We keep a database of sketches, 1-liner ideas, and photos of our meeting room walls (most of which can be written on) to permanently preserve any gameplay thoughts we have. These ideas are frequently revisited and the database continually expands through all stages of game development.

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Fig. 4: Sometimes the funniest things are those that you don’t see, such as when you pick Tom up and throw him off the screen.

And while game designers here are in charge of putting ideas into practice, we’re not solely responsible for generating ideas ourselves. A big part of our role is to actively encourage our colleagues from outside of the game design team to think creatively and suggest their own ideas for improvements and new features. Not all of the many great game design ideas in our games started life in the mind of a game designer.

For example, artists and designers are sketching funny gameplay situations starting from the early concept phase, long before a line of code gets written. Later in the production process, the animation team will come up with even more silly reactions and funny idle animations. Sound also plays a big part, which is why pictures don’t quite do justice to the examples in this article. Developers are some of the best out-of-the-box thinkers, often providing their own crazy (not to mention doable) ideas. There have also been numerous instances of a gameplay gem being born out of an accidental (or “accidental”) bug that proves too entertaining to not be turned into a real feature. Of course, a sanity check is always necessary to establish whether or not the comedy effect is applicable to a wider audience.

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Fig. 5: Punch it high enough and the bag will punch you back! The split-second of shrieking Tom provides hours of amusement.

Sometimes it’s necessary to approach creativity in a more systematic way. If we sense that some spark is lacking with a certain feature, we might organize specific brainstorming sessions, purely with the intention of coming up with more funny situations. Sounds like the most entertaining brainstorming sessions ever, right?

Finally, some of the craziest, best ideas actually come from our players. Either they send suggestions to us directly, or we discuss them in person on user tests. We regard our players as the real experts in our games. They might not understand game systems, balancing, KPI requirements and technological limitations like we do, but they’re an endless source of “It would be cool if…” ideas. The value of their input and insights can’t be overstated.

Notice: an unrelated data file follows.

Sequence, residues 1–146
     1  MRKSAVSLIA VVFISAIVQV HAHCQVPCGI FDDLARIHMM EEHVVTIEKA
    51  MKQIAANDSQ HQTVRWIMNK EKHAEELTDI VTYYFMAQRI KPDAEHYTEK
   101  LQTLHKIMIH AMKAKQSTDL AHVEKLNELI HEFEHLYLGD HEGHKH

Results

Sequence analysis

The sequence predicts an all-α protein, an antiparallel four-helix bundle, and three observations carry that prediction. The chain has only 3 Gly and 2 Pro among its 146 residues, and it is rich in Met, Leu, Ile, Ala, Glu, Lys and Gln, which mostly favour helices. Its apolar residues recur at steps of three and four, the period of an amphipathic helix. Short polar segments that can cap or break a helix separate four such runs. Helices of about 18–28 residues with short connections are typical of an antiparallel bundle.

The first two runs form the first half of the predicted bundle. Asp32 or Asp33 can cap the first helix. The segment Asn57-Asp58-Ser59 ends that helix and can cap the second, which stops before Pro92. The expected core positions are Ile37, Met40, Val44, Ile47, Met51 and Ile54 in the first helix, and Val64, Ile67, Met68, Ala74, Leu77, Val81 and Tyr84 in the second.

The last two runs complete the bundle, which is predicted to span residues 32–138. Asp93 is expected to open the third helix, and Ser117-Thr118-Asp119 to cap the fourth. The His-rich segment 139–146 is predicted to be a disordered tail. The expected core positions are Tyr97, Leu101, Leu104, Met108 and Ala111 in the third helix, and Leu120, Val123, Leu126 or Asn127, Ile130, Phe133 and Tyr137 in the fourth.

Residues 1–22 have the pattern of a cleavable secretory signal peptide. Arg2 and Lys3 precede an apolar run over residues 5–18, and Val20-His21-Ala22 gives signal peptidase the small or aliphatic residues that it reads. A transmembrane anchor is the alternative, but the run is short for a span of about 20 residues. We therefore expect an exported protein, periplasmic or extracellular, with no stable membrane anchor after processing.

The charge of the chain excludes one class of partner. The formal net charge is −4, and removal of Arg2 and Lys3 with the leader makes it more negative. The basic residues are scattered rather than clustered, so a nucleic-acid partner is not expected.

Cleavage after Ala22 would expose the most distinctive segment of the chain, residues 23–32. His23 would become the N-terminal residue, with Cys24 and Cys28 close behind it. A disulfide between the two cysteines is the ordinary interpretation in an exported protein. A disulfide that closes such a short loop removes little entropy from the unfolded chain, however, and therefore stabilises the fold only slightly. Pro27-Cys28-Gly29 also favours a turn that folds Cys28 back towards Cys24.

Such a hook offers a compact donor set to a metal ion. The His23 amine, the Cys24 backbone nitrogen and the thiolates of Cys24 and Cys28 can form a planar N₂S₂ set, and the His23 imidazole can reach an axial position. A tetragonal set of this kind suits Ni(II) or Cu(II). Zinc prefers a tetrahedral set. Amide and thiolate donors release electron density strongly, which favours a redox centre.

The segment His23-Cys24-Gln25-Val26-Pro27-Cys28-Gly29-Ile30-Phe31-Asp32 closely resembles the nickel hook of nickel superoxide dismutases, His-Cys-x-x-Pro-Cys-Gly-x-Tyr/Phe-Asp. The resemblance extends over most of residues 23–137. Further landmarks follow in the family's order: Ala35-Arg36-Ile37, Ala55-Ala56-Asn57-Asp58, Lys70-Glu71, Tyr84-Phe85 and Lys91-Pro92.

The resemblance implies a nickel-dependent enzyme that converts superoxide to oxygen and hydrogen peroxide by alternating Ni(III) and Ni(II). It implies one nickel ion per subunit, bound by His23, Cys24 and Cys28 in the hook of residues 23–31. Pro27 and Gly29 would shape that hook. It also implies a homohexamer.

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Fig. 6: Another moment of surprise slapstick is triggered if the player drops the pet on Tom’s head.

Producers and product managers at Outfit7 know what a big impact small, spicy gameplay moments can have on the overall game experience. But a strong advocate is still required to keep spice high on the priority list (after all, small ideas are easy to overlook). And the game designer is that advocate.

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Fig. 7: Tom going to sleep is already super-cute in itself, but the way his pet snuggles up to him sends the situation into cuteness overload.

So there you have it, the secret of spice is revealed! Strong game loops are important, but it’s the little touches of creativity that stand out in a player’s memory and bring them back to a game again and again. Without them, My Talking Tom 2 wouldn’t inspire such extraordinary adoration and dedication from players. And this adoration and dedication is what, at the end of the day, inspires us.

Interested in working with us? SEE ALL JOB OPENINGS